People and organizations involved: Andrew Card, Colin Powell, John Negroponte, George W. Bush, Ari Fleischer  Additional Info 
          

December 4, 2002      Complete Iraq timeline

       The White House calls for more aggressive inspections. White House Press Secretary Ari Fleischer says, “We want to make certain that they [the inspections] are aggressive enough to be able to ascertain the facts in the face of an adversary who in the past did everything in his power to hide the facts.” The White House recommends increasing the UN inspectors' staff so that the two agencies can conduct multiple simultaneous inspections each day. [BBC, 12/4/02]
People and organizations involved: Ari Fleischer
          

December 5, 2002      Complete Iraq timeline

       White House Press Secretary Ari Fleischer says: “The president of the United States and the secretary of Defense would not assert as plainly and bluntly as they have that Iraq has weapons of mass destruction if it was not true, and if they did not have a solid basis for saying it.” When pressed for details, he adds: “President Bush has said Iraq has weapons of mass destruction. Tony Blair has said Iraq has weapons of mass destruction. Donald Rumsfeld has said Iraq has weapons of mass destruction. Richard Butler has said they do. The United Nations has said they do. The experts have said they do. Iraq says they don't. You can choose who you want to believe.” [AP, 12/5/03; CBC News, 12/5/2002]
People and organizations involved: Tony Blair, Richard Butler, Ari Fleischer, Donald Rumsfeld, George W. Bush
          

December 16, 2002      Complete Iraq timeline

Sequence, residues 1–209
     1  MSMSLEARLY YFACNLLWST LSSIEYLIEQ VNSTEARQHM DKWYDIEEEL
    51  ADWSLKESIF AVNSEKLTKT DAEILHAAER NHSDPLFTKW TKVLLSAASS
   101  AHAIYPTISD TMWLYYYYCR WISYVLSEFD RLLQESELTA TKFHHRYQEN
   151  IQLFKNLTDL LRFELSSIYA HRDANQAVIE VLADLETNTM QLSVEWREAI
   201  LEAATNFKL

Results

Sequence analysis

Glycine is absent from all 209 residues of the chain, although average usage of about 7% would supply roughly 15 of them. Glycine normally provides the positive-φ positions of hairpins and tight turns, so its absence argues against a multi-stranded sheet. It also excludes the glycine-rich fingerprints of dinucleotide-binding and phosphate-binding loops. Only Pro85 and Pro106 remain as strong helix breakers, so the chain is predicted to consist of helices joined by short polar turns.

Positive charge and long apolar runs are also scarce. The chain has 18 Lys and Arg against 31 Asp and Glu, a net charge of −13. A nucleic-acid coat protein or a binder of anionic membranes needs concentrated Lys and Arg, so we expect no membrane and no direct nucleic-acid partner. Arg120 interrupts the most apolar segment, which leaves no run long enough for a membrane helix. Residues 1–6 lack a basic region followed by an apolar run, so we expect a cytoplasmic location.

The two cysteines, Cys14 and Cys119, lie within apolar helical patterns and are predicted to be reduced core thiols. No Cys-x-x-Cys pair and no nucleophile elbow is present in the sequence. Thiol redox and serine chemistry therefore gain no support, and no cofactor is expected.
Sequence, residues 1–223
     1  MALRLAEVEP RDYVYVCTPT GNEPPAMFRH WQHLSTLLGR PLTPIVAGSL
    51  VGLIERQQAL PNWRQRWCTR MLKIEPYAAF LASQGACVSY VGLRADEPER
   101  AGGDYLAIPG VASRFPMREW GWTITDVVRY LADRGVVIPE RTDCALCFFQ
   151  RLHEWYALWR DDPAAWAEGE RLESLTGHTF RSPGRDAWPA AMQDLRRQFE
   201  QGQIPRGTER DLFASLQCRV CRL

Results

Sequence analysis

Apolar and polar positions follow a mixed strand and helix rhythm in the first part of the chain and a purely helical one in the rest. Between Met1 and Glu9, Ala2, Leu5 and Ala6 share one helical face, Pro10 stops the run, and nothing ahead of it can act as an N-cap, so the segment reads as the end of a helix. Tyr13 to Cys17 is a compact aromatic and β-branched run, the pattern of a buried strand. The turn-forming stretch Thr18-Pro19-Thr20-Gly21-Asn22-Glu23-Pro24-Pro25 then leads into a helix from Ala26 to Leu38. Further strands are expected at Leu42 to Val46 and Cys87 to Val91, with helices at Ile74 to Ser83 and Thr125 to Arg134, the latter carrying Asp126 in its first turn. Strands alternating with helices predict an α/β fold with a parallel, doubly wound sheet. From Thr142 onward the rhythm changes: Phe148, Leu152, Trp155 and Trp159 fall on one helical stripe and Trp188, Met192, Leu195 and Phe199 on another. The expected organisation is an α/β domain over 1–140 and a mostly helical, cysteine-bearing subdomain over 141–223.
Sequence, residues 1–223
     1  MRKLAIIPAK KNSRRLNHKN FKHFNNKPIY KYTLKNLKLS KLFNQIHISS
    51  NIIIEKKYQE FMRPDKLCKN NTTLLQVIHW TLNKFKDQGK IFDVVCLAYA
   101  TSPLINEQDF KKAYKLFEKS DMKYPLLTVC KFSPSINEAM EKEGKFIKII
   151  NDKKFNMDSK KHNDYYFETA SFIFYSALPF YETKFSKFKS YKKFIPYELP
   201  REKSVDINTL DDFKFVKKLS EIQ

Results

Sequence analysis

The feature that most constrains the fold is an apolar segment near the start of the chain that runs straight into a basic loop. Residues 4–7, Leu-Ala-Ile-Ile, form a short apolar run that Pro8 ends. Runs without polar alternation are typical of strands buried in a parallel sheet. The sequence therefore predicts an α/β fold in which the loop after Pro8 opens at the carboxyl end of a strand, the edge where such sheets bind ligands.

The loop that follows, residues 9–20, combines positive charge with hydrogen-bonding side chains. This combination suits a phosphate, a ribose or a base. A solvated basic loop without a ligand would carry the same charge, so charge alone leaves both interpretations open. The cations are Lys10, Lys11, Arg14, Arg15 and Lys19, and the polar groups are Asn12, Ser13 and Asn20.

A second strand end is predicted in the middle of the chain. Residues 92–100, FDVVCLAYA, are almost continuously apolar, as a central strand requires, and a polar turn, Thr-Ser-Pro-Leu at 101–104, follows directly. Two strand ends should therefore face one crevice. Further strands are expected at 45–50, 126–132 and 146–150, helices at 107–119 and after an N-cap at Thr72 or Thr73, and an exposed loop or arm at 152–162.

The New York Times reports that the Defense Department “is considering issuing a secret directive to the American military to conduct covert operations aimed at influencing public opinion and policy makers in friendly and neutral countries” in order to stem the tide of anti-Americanism. The Pentagon has considered several tactics it may employ to improve America's image abroad. For example, the Times explains that the Pentagon “might pay journalists to write stories favorable to American policies,” or hire “outside contractors without obvious ties to the Pentagon to organize rallies in support of American policies.” Another idea would be to set “up schools with secret American financing to teach a moderate Islamic position laced with sympathetic depictions of how the religion is practiced in America.” Several official sources interviewed by the Times opposed the plans. One military officer tells the newspaper: “We have the assets and the capabilities and the training to go into friendly and neutral nations to influence public opinion. We could do it and get away with it. That doesn't mean we should.” Retired Adm. Dennis C. Blair, a former commander of American forces in the Pacific, says that it probably wouldn't be very effective. “Running ops against your allies doesn't work very well.... I've seen it tried a few times, and it generally is not very effective,” he says. [New York Times, 12/16/2002 Sources: Unnamed senior Pentagon and administration officials] The White House defends the program. “The president has the expectation that any program that is created in his administration will be based on facts, and that's what he would expect to be carried out in any program that is created in any entity of the government,” White House Press Secretary Ari Fleischer says. [New York Times, 12/17/2002]